In our seventh meeting of the Instructional Innovation Fellowship (IIF) on a bright and sunny Wednesday morning on April 26, three fellows presented their innovative tech tools and teaching ideas. Li Hou presented on using Kahoot and Quizlet for language learning, Brokk Toggerson demonstrated the use of analog tools in teaching, and Susan Boyer shared her experience using the LMS Canvas for her classes. The mix of digital and analog tools made the session particularly special, highlighting the wide range of tools available to engage students in learning.
- Kahoot and Quizlet facilitate fun language learning through gamification.
- Analog tools promote high participation in large classrooms.
- LMS Canvas offers a better course management system.
Fun Language Learning with Kahoot and Quizlet
Gamification has long been recognized as an effective approach to engaging students, and technology has amplified its potential by enabling real-time collaboration among students. During the IIF meeting, Li Hou shared how she uses two popular virtual game tools, Kahoot and Quizlet, in her language classrooms. She found that using these tools makes her classroom more exciting and engaging for students, providing them with a fun and interactive way to learn.
Li Hou demonstrated how to use Kahoot and Quizlet, from signing up to quiz creation, and highlighted that both tools provide numerous templates for teachers to use and customize, making the process more efficient. Although these tools require payment to access their premium features, the free versions offer sufficient features for basic use and can still provide a wide range of benefits for engaging students. Students can access the tools from the web or app, and teachers can generate activity reports for their records.
Engaging Large Classrooms with Analog Tools
Brokk presented an innovative idea for engaging students in large classrooms using analog tools such as mini boards, markers, voting papers, and erasers as an alternative to digital iClickers. While iClickers are a great classroom response tool, there is no way to immediately see individual students’ participation in quizzes or polling during class. With analog tools, students raise their hands to participate, allowing him to notice those who do not and therefore engage everyone.
Brokk highlighted some benefits of analog tools over digital ones, including clearer expectations, often higher participation, and greater reliability. Such tools provide a tangible way of interacting with information, making it easier for students to understand instructions and tasks. According to Brokk’s experience, analogue tools often lead to higher participation since students show their contribution live in class, which is not always the case with digital tools. Analog tools are also more reliable, as they do not rely on the internet or electricity and do not run out of batteries or break easily.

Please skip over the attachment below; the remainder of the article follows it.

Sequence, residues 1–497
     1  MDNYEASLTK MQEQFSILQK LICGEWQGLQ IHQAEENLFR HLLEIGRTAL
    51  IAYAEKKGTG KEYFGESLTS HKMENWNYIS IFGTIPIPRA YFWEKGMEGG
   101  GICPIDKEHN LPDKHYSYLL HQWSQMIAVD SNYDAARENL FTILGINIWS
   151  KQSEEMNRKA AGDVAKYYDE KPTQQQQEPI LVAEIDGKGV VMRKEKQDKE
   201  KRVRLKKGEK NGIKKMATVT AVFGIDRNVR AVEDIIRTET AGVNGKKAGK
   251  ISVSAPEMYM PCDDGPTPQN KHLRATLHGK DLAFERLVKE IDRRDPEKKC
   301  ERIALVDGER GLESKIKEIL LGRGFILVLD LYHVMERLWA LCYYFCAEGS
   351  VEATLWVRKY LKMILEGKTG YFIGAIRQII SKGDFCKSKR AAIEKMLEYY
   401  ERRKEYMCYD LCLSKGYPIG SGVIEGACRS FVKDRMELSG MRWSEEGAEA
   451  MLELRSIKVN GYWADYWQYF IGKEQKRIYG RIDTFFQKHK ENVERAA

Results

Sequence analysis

In his physics classroom, Brokk demonstrated that he begins with a multiple-choice question displayed on a screen. Students vote using an analog paper card containing the letters A, B, C, D, and E. They fold the paper and show the letter that represents their answer.For open-ended questions, Brokk uses mini hand-held whiteboards where students can write or draw their answers. After analogue cards voting or whiteboard responses are ready, Brokk asks students to discuss their answers with a peer for about 30 seconds. Brokk then reveals the answer and asks students to discuss their answers again based on the new information from the instructor.
Brokk’s presentation demonstrated that analog tools could be a valuable alternative to digital tools, particularly in large classrooms. Using tangible materials provides a fun and interactive way for students to participate and engage with the material.
Effective Course Management System with LMS Canvas
Susan Boyer, an instructor from the Isenberg School of Management, shared her experience of using Canvas in her course. As UMass Amherst plans to migrate to a single Learning Management System from Moodle and Blackboard to Canvas, instructors may be concerned about this transition. However, Susan, who has been participating in the Canvas Pilot, has found Canvas more comprehensive than Moodle and Blackboard, offering helpful features and a user-friendly interface. In a candid presentation, Susan highlighted Canvas’s two most helpful features for her teaching and challenges.
Among the most helpful features, Susan found Canvas Calendar to be very useful for noting course dates, such as deadlines and meetings for all courses in one place, which was absent from Moodle and Blackboard. She has also found the Canvas grading system (Gradebook) effective and efficient. For example, she can grade students based on specific assignments or assignment types and create feedback templates that can be used across students.
Meanwhile, Susan shared that the discussion feature is what she has found different and somewhat challenging in Canvas. She shared that the discussion feature can be challenging to navigate in large classes with many contributions, as it can have multiple pages, making it difficult to find specific information in long threads. However, she has implemented a workaround by specifically tagging and explicitly naming discussion topics.
Despite the challenges, Susan emphasized that Canvas offers more customization opportunities for instructors to design their courses. She found Canvas a more comprehensive platform with helpful features and a user-friendly interface.
The IIF meeting was engaging and fruitful, providing valuable insights into innovative tools and strategies for enhancing the learning experience. The upcoming final meeting in May will conclude the first cohort of IIF, and the second cohort is now open for applications.